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Rise Of The Lowly Search Ad


When it comes to the pecking order of advertising, the search ad ranks slightly below "classified ad" and slightly above "poorly Xeroxed Herbalife (HLF) flyer stapled to a telephone pole."

But only slightly. In many cases, search ads -- those cryptic text come-ons that run around Google (GOOG) or Yahoo (YHOO)! search results -- embody the hucksterism associated with less savory ad forms.

(If you don't believe me, try Googling "hair loss.") Nevertheless, search is a defining media behavior of the here and now, and so the search ad itself occupies valuable real estate. This is why savvy big-name marketers are now tying search ads into more traditional campaigns. They're buying up highly trafficked keywords -- like "Oscars," in the case of Coca-Cola (COKE) -- aiming to redirect searchers to sponsored sites. They're paying for keywords that have little to do with the product itself, like "platypus" and "possum" in the case of Honda, which is trying to lure Web surfers to a site promoting its Element truck. "The creative element of search rears its head," says Ron Belanger, senior director of global advertising strategies for Yahoo Search Marketing. The onscreen version of junk mail may prove a more versatile marketing tool than you'd think.

SEARCH ADS work very simply. You buy the search terms; they appear in a specified sponsors-only area near the search results for that phrase; and you pay whenever a Web surfer clicks through to your site. But search ads' value still escapes many otherwise savvy media executives. In a public appearance last year, Vanity Fair's Editor-in-Chief Graydon Carter noted that while he used Google often he never remembered the ads nearby. But recall is not what search ads are about. They're about enabling a more direct link to commerce than a TV or magazine ad. The pay-per-click model gives marketers an easy metric to calculate a price per lead. It also explains why demand drives up the cost of adjacencies to certain search words. The classic example is mesothelioma, a lung cancer caused by exposure to asbestos, which search ad executives say can cost more than $50 per click, inflated by law firms sniffing massive asbestos-related settlements.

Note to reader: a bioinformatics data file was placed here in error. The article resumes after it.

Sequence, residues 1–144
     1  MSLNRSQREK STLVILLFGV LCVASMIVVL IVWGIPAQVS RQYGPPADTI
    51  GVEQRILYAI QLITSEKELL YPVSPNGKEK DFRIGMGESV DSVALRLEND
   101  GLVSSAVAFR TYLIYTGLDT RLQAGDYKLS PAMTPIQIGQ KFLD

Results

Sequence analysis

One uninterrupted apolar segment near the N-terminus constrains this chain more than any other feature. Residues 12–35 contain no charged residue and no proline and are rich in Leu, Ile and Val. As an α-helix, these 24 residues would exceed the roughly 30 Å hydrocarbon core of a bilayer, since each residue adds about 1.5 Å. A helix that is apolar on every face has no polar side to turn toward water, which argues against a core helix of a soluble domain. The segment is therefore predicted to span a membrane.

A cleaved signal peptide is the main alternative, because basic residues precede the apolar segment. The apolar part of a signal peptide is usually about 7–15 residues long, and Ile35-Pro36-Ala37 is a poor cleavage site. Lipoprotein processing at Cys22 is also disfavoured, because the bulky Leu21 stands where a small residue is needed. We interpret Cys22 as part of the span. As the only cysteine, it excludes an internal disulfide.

By the same token, low-demand keywords cost less, so some search-term tack-ons provide bang for little buck. The current Element campaign features the vehicle "talking" to sundry animals -- a platypus, a possum, a burro, and a crab -- in cartoony spots. Honda's agency, Rubin Postaer & Associates, bought those keyword terms and uses search ads as invitations to "see the platypus in its Element." That link leads consumers to elementandfriends.com, which features Element ads and a related game. RPA also bought variants of "funny video" and "funny commercials," which, says Mike Margolin, RPA's vice-president/associate media director, are search terms that have demographic profiles compatible with likely Element buyers. In many cases, the search terms cost just 10 cents or 15 cents per click, he says, and drew about 40% of the Element's Web site traffic. "It seemed a little quirky, but the more you thought about it, the more it seemed to resonate well with the campaign," says Tom Peyton, Honda's senior manager of marketing.

For the Honda Ridgeline truck, which was advertised during the Super Bowl, RPA bought what Margolin identified as a "few thousand" search terms somehow related to the Super Bowl (as in "Super Bowl ad"). Those terms, he wrote in an e-mail, generated over 3.5 million online impressions from just Yahoo and Google on the day after the Super Bowl alone. Margolin suggests such approaches are only the beginning. "The search ad impression probably gets a little too easily overlooked," he writes. "I think we'll see more research this year related to the value of the search ad that doesn't get clicked." Some aren't waiting for that research. The Drum Major Institute for Public Policy, a nonprofit think tank, began placing its grades of New York legislators' records alongside search results whenever a New York state legislator is Googled. Now, could that work with an Herbalife flyer? Didn't think so.

For Jon Fine's blog on media and advertising, go to www.businessweek.com/innovate/FineOnMedia

By Jon Fine


American Apparel's Future
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